What is WASP in Cricket?
In cricket, WASP stands for Winning and Score Predictor. It is a statistical tool that was first introduced in 2012 to forecast a match’s result. This tool can be used for T20 and ODI games. WASP analyses past records of the playing teams to forecast the score of the side batting first and then makes a prediction on the winning chances of the side chasing the total.
The WASP calculation method was invented by PhD graduate Scott Brooker and his mentor Seamus Hogan at the University of Canterbury in New Zealand. They have used information from non-shortened T20 and ODI games since 2006. WASP was initially used to predict the outcome of domestic matches in New Zealand.
WASP calculates and predicts two main aspects:
- The score of the team batting first based on their players, past records and match venue details.
- Prediction of the match’s result based on the venue and the teams’ past records.
How it Works
WASP also considers the batting conditions and ground record – two factors that keep changing with every new ball bowled during a match. The tool goes beyond merely projecting a score based on the current run-rate. It closely looks at previous records to predict the score.
For instance, if India is chasing a total against Sri Lanka in a world cup final, WASP would consider India’s past record against Sri Lanka, the teams’ performances in finals of world cups as well as the batting conditions to calculate India’s winning chances. If the match is played against a less powerful opponent such as Bangladesh, India’s WASP percentage for winning the trophy would increase accordingly. Needless to say, the WASP score keeps changing as the game progresses.
What Makes it Interesting
A well-known saying “It ain’t over till it’s over” is very true in terms of cricket. The results of many matches have been decided in the last over or even last ball. During a match, fans like to discuss the probabilities of the total score and teams’ winning chances. In a way, WASP satisfies the fans’ wishes to be able to guess the final result, taken into consideration the sport’s unpredictable nature. The tool keeps viewers engaged by making it more interesting to watch matches. However, similar to the Duckworth-Lewis-Stern method, WASP’s calculations are also rather complicated.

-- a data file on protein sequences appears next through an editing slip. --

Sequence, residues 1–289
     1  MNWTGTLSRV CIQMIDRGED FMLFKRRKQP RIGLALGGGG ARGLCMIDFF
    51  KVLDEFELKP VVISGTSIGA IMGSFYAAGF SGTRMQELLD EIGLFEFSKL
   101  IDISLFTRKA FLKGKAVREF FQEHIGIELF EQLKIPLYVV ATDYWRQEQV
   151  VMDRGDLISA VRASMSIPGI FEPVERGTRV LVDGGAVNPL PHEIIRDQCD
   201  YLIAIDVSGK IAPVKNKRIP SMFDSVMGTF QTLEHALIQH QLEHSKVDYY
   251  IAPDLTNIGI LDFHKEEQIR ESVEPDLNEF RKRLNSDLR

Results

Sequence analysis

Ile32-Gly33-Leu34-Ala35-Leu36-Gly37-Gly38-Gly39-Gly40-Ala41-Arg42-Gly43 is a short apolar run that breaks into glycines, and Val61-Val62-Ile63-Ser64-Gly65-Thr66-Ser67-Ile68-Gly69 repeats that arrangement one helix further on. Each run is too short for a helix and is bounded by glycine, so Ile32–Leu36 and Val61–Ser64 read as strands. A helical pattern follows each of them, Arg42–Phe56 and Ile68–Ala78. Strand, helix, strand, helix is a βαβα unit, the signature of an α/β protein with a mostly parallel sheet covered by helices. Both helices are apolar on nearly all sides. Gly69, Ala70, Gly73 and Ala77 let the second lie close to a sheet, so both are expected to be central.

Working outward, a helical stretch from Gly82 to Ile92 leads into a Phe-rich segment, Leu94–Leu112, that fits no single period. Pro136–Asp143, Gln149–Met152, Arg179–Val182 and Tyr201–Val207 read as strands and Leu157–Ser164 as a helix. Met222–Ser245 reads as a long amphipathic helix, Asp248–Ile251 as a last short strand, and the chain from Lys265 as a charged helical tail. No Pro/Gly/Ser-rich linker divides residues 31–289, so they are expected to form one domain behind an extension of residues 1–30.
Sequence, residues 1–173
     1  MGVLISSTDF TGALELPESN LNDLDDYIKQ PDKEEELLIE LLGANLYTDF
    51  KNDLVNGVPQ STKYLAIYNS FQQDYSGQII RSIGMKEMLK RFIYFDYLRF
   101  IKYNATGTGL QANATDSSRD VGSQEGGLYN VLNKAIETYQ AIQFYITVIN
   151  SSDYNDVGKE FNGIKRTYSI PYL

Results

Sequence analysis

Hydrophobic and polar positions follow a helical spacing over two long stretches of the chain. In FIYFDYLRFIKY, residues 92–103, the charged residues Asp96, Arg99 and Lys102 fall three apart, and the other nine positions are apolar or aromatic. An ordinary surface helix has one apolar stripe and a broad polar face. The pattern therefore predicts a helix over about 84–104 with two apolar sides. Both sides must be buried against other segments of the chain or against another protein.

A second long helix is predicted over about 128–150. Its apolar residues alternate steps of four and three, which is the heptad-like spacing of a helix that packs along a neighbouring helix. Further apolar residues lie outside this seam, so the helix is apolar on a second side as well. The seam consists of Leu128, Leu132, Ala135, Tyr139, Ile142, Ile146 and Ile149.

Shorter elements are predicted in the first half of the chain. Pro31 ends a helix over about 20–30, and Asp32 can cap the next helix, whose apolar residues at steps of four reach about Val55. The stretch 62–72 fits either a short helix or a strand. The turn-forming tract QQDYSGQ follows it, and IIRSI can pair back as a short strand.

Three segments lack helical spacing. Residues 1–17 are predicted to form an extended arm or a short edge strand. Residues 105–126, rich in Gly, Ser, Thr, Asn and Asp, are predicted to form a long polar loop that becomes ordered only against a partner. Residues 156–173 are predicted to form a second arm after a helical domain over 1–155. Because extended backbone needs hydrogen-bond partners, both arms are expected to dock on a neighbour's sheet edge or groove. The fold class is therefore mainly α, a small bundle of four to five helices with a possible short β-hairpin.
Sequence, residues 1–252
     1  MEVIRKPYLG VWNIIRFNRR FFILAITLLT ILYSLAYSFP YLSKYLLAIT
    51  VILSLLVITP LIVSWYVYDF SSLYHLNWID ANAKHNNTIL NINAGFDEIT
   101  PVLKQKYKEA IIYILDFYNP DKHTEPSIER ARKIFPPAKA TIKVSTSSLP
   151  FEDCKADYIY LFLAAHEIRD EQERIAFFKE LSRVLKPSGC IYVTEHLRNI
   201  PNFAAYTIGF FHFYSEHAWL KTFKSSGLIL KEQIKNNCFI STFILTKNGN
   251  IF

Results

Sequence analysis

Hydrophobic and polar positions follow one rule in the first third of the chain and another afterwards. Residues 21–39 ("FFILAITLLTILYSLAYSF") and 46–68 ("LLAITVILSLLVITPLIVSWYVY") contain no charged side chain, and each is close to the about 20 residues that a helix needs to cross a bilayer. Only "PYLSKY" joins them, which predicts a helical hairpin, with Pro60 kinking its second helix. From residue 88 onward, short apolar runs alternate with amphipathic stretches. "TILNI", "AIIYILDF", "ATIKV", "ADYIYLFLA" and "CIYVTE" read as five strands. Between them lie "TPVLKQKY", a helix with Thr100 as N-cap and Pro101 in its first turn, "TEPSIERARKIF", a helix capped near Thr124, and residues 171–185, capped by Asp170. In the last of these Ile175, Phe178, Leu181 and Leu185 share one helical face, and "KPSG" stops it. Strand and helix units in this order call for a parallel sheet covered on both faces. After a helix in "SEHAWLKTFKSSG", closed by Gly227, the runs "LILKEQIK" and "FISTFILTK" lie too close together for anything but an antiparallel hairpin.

WASP predictions become more interesting in rain-affected games where the targets are revised constantly. In addition, WASP forecasts can be affected if a batter gets hurt and there is uncertainty about whether innings will be continued later. Undoubtedly, the tool needs to evolve to handle such rare situations during a match.
In the future, a stats tool to predict a batsman’s score as he comes out to bat may be developed, making calculations based on his techniques, previous records and the opposed team’s bowlers. The tool can even forecast the bowling figures of specific bowlers. This is what makes cricket so much fun. There are numerous methods to statistically analyse teams’ performance and a match’s outcome. Well-known uncertainties of cricket keep spectators and viewers hooked.
The attraction of cricket goes much beyond mere figures and statistics. The predictions made by tools such as WASP can be confounded by actual developments of the game. Therefore, while WASP can give an outlook of the total score and game result, nothing can match the thrill of watching a close final race where the outcome is decided in the last few deliveries.
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